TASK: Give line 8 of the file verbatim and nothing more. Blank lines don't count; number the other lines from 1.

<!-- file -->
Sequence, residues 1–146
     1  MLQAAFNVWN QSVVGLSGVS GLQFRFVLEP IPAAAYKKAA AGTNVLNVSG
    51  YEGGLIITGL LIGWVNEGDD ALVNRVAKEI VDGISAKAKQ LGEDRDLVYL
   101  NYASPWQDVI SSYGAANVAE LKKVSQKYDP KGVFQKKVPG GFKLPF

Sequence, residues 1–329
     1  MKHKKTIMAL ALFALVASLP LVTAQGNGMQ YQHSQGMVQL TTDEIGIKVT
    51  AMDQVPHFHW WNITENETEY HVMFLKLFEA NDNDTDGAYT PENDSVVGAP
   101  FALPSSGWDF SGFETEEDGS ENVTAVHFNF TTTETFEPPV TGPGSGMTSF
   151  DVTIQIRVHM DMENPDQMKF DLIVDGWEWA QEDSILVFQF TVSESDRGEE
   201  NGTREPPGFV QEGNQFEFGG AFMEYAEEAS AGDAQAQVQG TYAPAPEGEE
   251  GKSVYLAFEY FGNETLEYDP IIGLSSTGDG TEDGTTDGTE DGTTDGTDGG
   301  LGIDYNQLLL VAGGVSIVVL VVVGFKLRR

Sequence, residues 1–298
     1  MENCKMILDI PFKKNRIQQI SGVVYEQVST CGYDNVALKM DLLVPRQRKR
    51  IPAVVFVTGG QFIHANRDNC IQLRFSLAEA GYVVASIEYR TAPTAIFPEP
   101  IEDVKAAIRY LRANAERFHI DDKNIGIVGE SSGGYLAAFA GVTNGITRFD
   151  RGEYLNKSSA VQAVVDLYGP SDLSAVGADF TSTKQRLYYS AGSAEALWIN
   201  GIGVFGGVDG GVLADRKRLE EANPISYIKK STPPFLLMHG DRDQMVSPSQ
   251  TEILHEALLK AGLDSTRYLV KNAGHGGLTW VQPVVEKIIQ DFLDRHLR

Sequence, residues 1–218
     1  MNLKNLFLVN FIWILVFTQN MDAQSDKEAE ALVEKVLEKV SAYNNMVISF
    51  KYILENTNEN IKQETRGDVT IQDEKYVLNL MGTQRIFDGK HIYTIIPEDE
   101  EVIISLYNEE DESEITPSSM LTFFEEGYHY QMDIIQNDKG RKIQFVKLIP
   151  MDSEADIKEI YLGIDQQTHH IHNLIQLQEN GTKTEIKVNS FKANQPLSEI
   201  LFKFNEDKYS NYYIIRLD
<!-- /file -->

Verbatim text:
   101  FALPSSGWDF SGFETEEDGS ENVTAVHFNF TTTETFEPPV TGPGSGMTSF